I must also go on record in voicing my extreme displeasure at the sudden and baffling introduction of Alex, perhaps the most annoying and cliched character of any of the shows I’m watching this Winter. Did the show forget about Natsuo’s actual best friend in whom both he and Rui confided and relied upon? Why are they wasting so much time with this…creature? Whatever they have planned for him can’t be good…unless they plan to shoot him out of a cannon!

That brings us to Natsuo’s worst moment of the episode, which is saying something: confronting Hina at school about how he felt she was being too distant towards him, at school. She takes his hand and leads him somewhere presumably more private, but it’s still a window-filled hallway, and the vice principal is not far away. She once again appeases him, and kisses him, I say again, AT SCHOOL.

Some words to the wise, Natsuo: Hina isn’t your property, and if you get her fired, she won’t be able to afford your lovenest. Shape the ef up my dude! And Hina: stop enabling the bastard!

Domestic na Kanojo – 08 – Keep It Together

Natsuo is bowled over by the Japanese American transfer student Alex, who is biking indoors, and the two end up apprehending an underwear thief who stole from Rui, among others. At the police station, Al sees Rui and immediately asks Natsuo (who calls her “a friend”) if he’ll set him up with her.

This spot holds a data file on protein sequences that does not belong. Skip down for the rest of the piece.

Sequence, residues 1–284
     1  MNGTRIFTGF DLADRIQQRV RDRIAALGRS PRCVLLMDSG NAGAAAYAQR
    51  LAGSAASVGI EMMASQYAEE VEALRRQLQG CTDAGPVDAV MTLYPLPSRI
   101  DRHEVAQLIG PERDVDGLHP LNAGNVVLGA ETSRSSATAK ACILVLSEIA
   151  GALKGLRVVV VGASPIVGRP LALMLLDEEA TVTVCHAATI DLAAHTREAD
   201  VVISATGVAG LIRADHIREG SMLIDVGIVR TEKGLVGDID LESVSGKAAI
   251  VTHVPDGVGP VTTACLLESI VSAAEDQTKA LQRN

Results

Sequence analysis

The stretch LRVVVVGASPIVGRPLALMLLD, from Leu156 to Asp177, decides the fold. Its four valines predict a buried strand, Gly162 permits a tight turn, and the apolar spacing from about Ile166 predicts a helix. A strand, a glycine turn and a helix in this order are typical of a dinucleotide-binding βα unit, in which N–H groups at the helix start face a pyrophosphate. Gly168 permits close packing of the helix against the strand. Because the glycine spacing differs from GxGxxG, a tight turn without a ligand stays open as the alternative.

This, when Natsuo is still trying to figure out how he feels about Rui, who is affectionate when they make out but otherwise her usual stoic, hard-to-read self. While making dinner, Natsuo comes right out and asks Rui if she’d want to hang out with him and Alex. she sees right through his feeble ploy, and storms off, positively furious.

He visits her room later with a peace offering of yaki-udon and an apology, but Rui wants him to apologize by kissing her. The two are closing in on second base when Hina enters the unlocked, slightly open door and sees the two embracing.

After a long, agonizing pause, Hina flees to her room, and when Natsuo tries to explain, she tells him she’s not in the state of mind in that moment to believe anything he says. Instead, she declares that she needs to stop living there.

Rui visits Hina and explains that she initiated things, because she’s pretty sure she likes Natsuo. When Hina brings up the fact they’re family, Rui doesn’t see a huge issue, since there’s no blood relation. Nevertheless, Hina thinks their mother would be sad.

Al gives Natsuo the advice that nothing will ever be solved if nobody talks to each other plainly and honestly about how they feel, but the next day Hina announces she’s going to move out and live on her own. Her mom and stepdad buy her explanation, but Rui and Natsuo suspect they’re to blame (obviously).

The entire family goes to a night festival while Hina is still around, and Rui wonders if she and Natsuo should cool it with the kissing for the time being. Meanwhile, Natsuo can’t stop looking at Hina’s nape. When Hina loses her cell phone, Natsuo takes her by the hand and leads her to a private place where they can talk.